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quan xing07:08:45

I use mysql8 + next.jdbc the one of the cloumn type is JSON. In mysql client use update command update JSON is OK , but my programm execute update sql show error:

com.mysql.cj.jdbc.exceptions.MysqlDataTruncation: Data truncation: Invalid JSON text: "Invalid encoding in string." at position 843 in value for column 'bz_unit_certificate_ui.performance'.
        at com.mysql.cj.jdbc.exceptions.SQLExceptionsMapping.translateException(
        at com.mysql.cj.jdbc.ClientPreparedStatement.executeInternal(
        at com.mysql.cj.jdbc.ClientPreparedStatement.execute(
        at com.zaxxer.hikari.pool.ProxyPreparedStatement.execute(

        at com.zaxxer.hikari.pool.HikariProxyPreparedStatement.execute(
        at next.jdbc.result_set$stmt__GT_result_set.invokeStatic(result_set.clj:650)
        at next.jdbc.result_set$stmt__GT_result_set.invoke(result_set.clj:645)
        at next.jdbc.result_set$eval9716$fn__9724.invoke(result_set.clj:925)
        at next.jdbc.protocols$eval8798$fn__8799$G__8789__8808.invoke(protocols.clj:33)
        at next.jdbc$execute_BANG_.invokeStatic(jdbc.clj:250)
        at next.jdbc$execute_BANG_.invoke(jdbc.clj:237)
        at clojure.lang.AFn.applyToHelper(
        at clojure.lang.AFn.applyTo(
        at clojure.spec.test.alpha$spec_checking_fn$fn__3023.doInvoke(alpha.clj:153)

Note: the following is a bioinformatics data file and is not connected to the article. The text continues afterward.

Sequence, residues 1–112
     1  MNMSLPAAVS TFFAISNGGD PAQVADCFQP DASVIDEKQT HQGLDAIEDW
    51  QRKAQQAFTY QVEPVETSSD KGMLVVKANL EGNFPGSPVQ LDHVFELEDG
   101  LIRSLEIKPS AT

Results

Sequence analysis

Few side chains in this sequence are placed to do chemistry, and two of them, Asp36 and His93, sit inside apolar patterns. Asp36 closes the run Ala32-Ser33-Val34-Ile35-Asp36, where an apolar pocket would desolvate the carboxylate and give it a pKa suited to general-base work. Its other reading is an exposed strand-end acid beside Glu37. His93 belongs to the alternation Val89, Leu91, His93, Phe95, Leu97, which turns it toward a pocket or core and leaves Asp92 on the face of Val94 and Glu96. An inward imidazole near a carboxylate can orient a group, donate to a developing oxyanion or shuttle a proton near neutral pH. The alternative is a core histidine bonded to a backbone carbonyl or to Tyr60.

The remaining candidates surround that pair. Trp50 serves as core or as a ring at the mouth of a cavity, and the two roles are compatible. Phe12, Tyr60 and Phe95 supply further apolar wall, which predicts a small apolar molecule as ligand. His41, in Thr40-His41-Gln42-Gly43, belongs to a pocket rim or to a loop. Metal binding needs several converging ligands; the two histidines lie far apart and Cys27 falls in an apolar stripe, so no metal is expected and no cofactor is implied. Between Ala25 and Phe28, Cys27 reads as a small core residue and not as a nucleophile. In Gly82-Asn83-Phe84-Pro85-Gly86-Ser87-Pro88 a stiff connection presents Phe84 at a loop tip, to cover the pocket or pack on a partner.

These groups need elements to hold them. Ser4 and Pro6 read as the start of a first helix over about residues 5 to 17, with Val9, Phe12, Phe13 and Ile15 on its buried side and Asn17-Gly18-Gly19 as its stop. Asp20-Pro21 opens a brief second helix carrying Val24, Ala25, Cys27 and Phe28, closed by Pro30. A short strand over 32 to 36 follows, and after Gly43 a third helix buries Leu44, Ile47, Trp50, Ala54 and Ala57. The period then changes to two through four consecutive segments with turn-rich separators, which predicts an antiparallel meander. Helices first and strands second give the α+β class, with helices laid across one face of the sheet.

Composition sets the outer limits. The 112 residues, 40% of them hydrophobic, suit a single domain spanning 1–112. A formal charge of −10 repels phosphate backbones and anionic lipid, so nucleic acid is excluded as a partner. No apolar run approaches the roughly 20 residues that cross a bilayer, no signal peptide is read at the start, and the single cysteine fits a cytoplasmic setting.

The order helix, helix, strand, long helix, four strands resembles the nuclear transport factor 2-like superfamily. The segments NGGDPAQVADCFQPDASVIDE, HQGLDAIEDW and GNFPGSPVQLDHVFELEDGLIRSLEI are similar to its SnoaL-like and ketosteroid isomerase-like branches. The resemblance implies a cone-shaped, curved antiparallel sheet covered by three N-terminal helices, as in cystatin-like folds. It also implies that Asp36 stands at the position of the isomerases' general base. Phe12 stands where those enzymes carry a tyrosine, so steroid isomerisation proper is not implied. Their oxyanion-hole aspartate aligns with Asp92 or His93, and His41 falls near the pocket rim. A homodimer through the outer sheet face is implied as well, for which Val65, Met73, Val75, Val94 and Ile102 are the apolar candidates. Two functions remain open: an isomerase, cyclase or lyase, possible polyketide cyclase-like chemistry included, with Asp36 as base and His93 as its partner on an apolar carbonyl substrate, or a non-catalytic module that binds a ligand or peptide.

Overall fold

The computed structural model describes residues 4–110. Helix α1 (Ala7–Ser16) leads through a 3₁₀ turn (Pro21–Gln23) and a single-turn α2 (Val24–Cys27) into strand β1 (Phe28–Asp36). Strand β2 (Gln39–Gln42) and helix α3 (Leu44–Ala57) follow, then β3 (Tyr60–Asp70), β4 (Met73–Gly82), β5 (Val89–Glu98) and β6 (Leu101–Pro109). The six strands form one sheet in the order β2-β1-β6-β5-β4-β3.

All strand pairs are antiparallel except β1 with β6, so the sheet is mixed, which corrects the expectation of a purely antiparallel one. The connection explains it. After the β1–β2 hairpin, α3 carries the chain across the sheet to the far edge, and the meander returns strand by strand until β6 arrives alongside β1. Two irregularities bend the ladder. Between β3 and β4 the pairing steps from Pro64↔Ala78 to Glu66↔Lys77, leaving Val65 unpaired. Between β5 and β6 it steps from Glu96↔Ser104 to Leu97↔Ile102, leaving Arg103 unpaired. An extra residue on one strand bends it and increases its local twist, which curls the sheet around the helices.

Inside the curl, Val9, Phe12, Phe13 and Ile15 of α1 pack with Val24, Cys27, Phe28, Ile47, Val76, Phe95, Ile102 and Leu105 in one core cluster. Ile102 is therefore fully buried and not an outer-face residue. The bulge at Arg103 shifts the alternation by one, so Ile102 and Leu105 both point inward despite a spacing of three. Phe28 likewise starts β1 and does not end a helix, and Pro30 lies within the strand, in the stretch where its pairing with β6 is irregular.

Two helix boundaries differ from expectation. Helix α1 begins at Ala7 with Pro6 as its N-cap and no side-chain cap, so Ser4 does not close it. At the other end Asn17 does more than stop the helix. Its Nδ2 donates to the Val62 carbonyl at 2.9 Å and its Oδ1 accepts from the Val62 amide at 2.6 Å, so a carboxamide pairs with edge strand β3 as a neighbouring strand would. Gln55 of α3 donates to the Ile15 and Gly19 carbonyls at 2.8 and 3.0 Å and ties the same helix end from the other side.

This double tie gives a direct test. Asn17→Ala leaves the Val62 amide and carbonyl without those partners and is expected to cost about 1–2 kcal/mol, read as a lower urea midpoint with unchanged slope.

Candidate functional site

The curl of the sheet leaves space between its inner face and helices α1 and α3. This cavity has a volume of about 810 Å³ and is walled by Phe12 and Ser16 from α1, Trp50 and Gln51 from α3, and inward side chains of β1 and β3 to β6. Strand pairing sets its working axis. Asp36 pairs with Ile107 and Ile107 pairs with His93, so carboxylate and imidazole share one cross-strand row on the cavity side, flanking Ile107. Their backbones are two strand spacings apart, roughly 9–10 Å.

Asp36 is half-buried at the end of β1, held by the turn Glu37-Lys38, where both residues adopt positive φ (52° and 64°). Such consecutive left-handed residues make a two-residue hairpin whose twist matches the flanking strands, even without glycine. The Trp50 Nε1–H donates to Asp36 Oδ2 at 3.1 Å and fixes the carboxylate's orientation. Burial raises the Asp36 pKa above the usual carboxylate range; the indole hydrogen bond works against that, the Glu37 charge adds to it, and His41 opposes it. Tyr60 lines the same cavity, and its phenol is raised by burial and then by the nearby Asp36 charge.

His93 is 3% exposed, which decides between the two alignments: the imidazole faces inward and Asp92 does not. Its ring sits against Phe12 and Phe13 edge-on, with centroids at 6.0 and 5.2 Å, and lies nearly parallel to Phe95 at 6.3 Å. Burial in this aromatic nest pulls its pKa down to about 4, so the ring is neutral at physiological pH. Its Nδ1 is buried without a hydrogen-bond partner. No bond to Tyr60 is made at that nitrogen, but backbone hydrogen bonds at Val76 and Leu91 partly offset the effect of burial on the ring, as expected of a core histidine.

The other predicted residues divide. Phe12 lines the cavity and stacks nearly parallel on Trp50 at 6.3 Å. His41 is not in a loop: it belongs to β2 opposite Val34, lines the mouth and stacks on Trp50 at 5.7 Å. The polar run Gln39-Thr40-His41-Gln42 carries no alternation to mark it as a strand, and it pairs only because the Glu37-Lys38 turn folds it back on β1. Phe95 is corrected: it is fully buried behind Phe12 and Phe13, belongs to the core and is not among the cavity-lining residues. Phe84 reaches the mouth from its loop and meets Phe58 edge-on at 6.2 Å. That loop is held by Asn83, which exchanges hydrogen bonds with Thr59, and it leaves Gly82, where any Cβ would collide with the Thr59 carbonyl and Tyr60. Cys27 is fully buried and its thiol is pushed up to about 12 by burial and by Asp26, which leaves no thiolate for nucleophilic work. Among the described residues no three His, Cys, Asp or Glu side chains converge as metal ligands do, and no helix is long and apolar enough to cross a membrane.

I copy SQL use #dbg from var and run it in mysql is ok. The SQL not have a gramma question.


Character encoding issue


Make sure everything is utf8, and your database columns in MySQL are utf8mb4

quan xing07:08:37

How can I encoding it I copy SQL from memory and run it in mysql client is ok


Because the act of printing it out and copy and pasting it can change the encoding

quan xing07:08:21

Yes I found it in JSON from memory

quan xing10:08:33

I use clojure.string/replace '\\n' to '\\\n' or replace '\\n' to '\n' It's still get a error

(s/replace (first sql) #"\\n" "\\n")
==> Data truncation: Invalid JSON text: "Invalid encoding in string." if I repalce "\\n" to ";" (other chacter) is successed. How can I escape the "\\n"

Jim Newton09:08:14

can someone help me remember the function names to find prefixes and suffixes of a sequence? e.g. given a list of length n, there's a function that given 5 will find the tail/suffix of the list starting at element number 5. (rest^5 some-seq)

Jim Newton09:08:39

no, i want to effectively call rest 5 times, finding the 5th tail. in common-lisp it is called nth-cdr


I think it's just drop



✔️ 1
Jim Newton09:08:33

it is amazing how many small things I forget, not using the language for a while. I was searching for nth-rest and rest-n, and nth-suffix, etc...


nthrest works too


but drop is better if you don't need to eagerly eval the dropped items

delaguardo09:08:54 is amazing for lookup something you forget about. you probably remember rest and for this function on clojuredocs there is See Also section with other functions with similar or connected behaviour.

Jim Newton09:08:06

its for a test case so I don't care about laziness. ahh nthrest, not nth-rest. voilà

Jim Newton09:08:50

thanks delaguardo, I did indeed glance quickly through the doc of rest, mostly at the examples, while also searching for prefix, suffix, etc. didn't get all the way to the see-also section.

Jim Newton09:08:41

does the search field in clojuredocs search only function names, or does it search the text as well? its notable that the doc for nthrest does not contain the word "suffix"

Jim Newton09:08:18

neither does the doc for drop.